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Fire/Heat Alarms in 2-Storey Flats with Separate Entrances


John Lucas
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Note to Admin: I am not sure if my guest topic was submitted successfully so I have re-posted as a registered user.

Hi

I have 2 flats converted from a converted corner terrace house. As such each flat has a separate entrance and there is no common space between the flats. The property was converted in the early eighties.

The ground floor has it's own entrance to a small hall area, leading to a lounge which access a corridor to the rear of the flat. The corridor leads to the bedroom and kitchen. The kitchen access the rear yard and the bathroom.

The upper flat has it's own entrance, a stairs leads to a landing area from where the two bedrooms, bathroom and kitchen are accessed.

From what I understand I need a heat alarm in each hallway of the flats which must be interlinked and then a smoke alarm in each flat. I have looked at Lacors and the only guidance for a house converted to two flats (D10) is that of one with a common access. In my case of course I have two separate entrances.

I am looking for guidance as to where I should place fire and heat alarms in the properties. Please refer to the attached diagram. Your help is very much appreciated.

Many Thanks

John

flats.png

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Assuming it's not in Scotland then if it's a conversion that would have been in accordance with the Building Regulations as if it was done post 1991 and thus has adequate fire resistance between the two flats then as an absolute minimum they would require what is called an LD3 system where the hallway and any upper/lower landings if on multiple levels require a smoke alarm.

Whilst the alarms should ideally be what is called Grade D i.e. mains powered with a back up power supply (now split into D1 & D2 based on what source the secondary power is) if this is a retrospective upgrade not subject to Building Regulations Grade F i.e. battery only, no back up (again split this year into F1 & F2) would be acceptable but not as robust (there have been fire deaths in houses with Grade F devices due to flat or removed batteries). If more than one is installed they should be interlinked by cable or radio signal

The British Standard for residential fire alarm systems (BS5839-6:2019) recommends a higher level of protection, using Grade D equipment to category LD2 - where in addition to the hallways and landings you have a heat alarm in the kitchen and a smoke alarm in the Living Room, all interlinked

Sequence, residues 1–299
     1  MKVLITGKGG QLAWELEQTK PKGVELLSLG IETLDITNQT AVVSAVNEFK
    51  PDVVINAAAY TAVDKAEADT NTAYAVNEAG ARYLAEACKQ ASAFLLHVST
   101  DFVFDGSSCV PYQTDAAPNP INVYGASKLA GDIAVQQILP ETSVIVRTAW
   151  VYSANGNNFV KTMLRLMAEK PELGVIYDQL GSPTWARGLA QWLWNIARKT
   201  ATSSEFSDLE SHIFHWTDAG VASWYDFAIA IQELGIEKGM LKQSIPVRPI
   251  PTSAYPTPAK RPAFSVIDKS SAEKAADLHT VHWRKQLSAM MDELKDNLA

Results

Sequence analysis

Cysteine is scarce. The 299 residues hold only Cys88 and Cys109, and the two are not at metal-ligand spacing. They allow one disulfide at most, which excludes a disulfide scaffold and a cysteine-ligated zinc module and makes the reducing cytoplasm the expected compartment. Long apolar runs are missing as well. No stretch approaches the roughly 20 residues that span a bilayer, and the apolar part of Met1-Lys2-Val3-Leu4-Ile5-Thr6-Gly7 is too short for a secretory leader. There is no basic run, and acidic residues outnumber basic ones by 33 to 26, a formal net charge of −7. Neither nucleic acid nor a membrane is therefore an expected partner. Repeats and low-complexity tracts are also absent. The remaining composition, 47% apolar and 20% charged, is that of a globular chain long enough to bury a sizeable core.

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  • 2 years later...

Hello - fantastic and informative advice.

Just wanted to know as a live in landlord with a self contained flat in my loft conversion what fire safety /alarms do I need - do these have to be mains interlinked or can they be separate battery operated to comply lawfully ?

mank Thanks

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  • 3 weeks later...

It depends which country you are in as different parts of the UK have subtly different requirements.

If your loft conversion into a flat was done legitimately after 1991 then as part of the Building Regulations process it should have had to install the required provision, which is usually Grade D (mains) unless a very old 90's conversion.

If there was nothing at all, then as a landlord in England there would need to be a smoke alarm on each landing/hallway which could (currently) be Grade F (battery only)

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  • 6 months later...
Guest Guest Vee

I'm also a little confused on this issue. A house converted to two flats with a small common entrance leading to two private flats (one up one down). Am I right in thinking, that with an interlinked system when my neighbour burns the toast my alarm will sound too! (Of course his alarm shouldn't go off with burnt toast, but it could)

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7 hours ago, Guest Guest Vee said:

I'm also a little confused on this issue. A house converted to two flats with a small common entrance leading to two private flats (one up one down). Am I right in thinking, that with an interlinked system when my neighbour burns the toast my alarm will sound too! (Of course his alarm shouldn't go off with burnt toast, but it could)

With one system, yes. However there should be two systems, a communal one & an individual flat one.

The common system only needs heat detectors in the flat as it's there to detect fire before it breaks out of the flat and not to save the occupiers of the flat of fire origin, the heat detector will not false alarm from cooking, etc. This avoids every flat being disrupted by false alarms, only genuine ones. (the detectors in this system to any internal common areas would be smoke)

The flats then still need a system to safeguard the occupiers, using smoke alarms - but these aren't linked outside the flat so the only people disturbed by false alarms are in one flat

 

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